Xbox Series X

Xbox’s next-gen system will have backwards compatibility from ‘day one’

Microsoft has confirmed the first iteration of Xbox’s next generation, the Series X, will launch with backwards compatibility from day one.  

The news was confirmed by Xbox chief Phil Spencer in an interview with GameSpot (thanks, Gamasutra), who revealed some Xbox 360 and Xbox One titles will be available on the next-gen system from launch.

“We wanted to make sure we had that, day one, we could deliver on the compatibility promise, and so I’ve been playing quite a few [Xbox 360] games on my [Xbox Series X] and Xbox One games on the [Xbox Series X] and that’s just to ensure that we can be there day one,” Spencer said.

Xbox’s partner director of program management, Jason Ronald, went even further, telling the outlet that he wants the “thousands of games” currently available on Xbox One will to be available on the Series X, too.

“One of the biggest challenges is console games are usually hyper-optimised to the unique hardware capabilities of the device, and this is a new generation of hardware,” Ronald said. “It is a new chip architecture. At the same time, we did design the silicon with [backwards] compatibility in mind, so we did make certain decisions to try to lessen that work, but I don’t want to trivialise how much work the team’s actually doing because there is a tremendous amount of work.”

Almost a full year before its release, Microsoft chose the Game Awards to reveal its new console, previously known as Project Scarlett, the Xbox Series X. But while fans and the press alike have been reporting that the console is called the Xbox Series X, Microsoft has clarified that this generation will merely be called “Xbox”, and “Series X” the name of the first console of this next generation.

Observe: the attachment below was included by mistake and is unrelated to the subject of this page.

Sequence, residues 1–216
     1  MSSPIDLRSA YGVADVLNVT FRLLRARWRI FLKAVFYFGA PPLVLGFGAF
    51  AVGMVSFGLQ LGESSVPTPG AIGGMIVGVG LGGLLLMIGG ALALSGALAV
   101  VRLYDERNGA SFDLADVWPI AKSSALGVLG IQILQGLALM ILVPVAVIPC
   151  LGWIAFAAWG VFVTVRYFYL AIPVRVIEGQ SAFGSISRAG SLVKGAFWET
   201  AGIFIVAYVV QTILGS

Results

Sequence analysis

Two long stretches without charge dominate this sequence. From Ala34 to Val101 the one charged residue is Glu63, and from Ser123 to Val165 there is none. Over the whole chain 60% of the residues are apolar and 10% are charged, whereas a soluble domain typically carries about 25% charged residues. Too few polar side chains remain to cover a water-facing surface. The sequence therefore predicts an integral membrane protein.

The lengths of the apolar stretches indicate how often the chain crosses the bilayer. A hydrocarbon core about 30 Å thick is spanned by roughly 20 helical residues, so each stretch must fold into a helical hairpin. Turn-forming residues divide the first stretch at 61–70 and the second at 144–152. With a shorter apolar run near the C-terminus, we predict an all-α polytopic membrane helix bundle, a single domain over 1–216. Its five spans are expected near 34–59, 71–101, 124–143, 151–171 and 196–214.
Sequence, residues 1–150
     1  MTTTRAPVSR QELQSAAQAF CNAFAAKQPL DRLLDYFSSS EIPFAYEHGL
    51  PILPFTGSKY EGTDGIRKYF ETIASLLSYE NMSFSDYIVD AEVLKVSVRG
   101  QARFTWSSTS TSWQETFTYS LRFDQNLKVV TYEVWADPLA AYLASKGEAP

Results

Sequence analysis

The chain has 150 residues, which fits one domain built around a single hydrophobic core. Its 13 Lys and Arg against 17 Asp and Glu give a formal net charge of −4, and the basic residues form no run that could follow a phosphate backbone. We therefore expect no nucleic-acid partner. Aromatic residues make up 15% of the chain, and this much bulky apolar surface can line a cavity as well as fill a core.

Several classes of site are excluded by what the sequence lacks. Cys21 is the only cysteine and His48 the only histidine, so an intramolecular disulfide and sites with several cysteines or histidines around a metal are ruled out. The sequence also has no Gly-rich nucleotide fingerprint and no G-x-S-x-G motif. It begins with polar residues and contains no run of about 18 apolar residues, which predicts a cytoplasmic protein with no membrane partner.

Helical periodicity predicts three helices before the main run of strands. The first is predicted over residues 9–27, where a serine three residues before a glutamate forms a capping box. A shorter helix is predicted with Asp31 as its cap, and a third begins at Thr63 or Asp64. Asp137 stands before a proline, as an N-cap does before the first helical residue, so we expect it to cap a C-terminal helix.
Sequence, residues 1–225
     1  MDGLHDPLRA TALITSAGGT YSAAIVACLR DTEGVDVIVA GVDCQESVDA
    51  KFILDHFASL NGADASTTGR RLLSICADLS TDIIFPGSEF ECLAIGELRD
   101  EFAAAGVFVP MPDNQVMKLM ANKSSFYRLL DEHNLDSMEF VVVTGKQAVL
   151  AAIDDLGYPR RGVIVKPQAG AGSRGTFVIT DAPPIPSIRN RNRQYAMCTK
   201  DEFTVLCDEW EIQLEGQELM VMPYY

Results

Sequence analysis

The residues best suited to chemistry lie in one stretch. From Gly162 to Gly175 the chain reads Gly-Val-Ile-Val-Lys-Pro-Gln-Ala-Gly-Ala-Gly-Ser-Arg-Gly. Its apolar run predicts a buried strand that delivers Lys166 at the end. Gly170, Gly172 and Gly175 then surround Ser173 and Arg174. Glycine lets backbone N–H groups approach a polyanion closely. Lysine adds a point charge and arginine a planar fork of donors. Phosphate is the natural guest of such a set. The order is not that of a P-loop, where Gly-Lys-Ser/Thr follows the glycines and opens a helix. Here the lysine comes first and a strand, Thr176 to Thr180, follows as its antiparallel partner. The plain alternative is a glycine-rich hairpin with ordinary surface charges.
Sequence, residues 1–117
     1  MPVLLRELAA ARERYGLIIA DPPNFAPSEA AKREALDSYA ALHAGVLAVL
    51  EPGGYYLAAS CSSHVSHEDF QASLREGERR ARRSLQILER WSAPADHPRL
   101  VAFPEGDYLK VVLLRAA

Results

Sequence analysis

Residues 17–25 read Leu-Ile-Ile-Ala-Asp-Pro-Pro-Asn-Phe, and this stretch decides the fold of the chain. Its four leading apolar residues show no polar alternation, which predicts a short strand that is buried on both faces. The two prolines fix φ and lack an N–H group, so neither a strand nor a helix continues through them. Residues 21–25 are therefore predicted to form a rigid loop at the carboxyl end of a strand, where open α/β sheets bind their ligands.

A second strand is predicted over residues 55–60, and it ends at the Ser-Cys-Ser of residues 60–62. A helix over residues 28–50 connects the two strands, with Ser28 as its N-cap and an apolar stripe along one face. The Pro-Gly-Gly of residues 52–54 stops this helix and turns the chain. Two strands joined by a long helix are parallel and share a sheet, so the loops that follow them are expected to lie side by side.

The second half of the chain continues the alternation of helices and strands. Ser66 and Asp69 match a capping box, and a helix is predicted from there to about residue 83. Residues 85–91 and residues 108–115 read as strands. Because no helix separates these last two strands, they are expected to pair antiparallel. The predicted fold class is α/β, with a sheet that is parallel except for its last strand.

“The name we’re carrying forward to the next generation is simply Xbox,” a Microsoft representative said, “And at The Game Awards you saw that name come to life through the Xbox Series X.

“Similar to what fans have seen with previous generations, the name ‘Xbox Series X’ allows room for additional consoles in the future. We’re excited to offer fans a glimpse at the next generation of gaming with Xbox Series X. But beyond that, we have nothing further to share.”

About Vikki Blake

It took 15 years of civil service monotony for Vikki to crack and switch to writing about games. She has since become an experienced reporter and critic working with a number of specialist and mainstream outlets in both the UK and beyond, including Eurogamer, GamesRadar+, IGN, MTV, and Variety.

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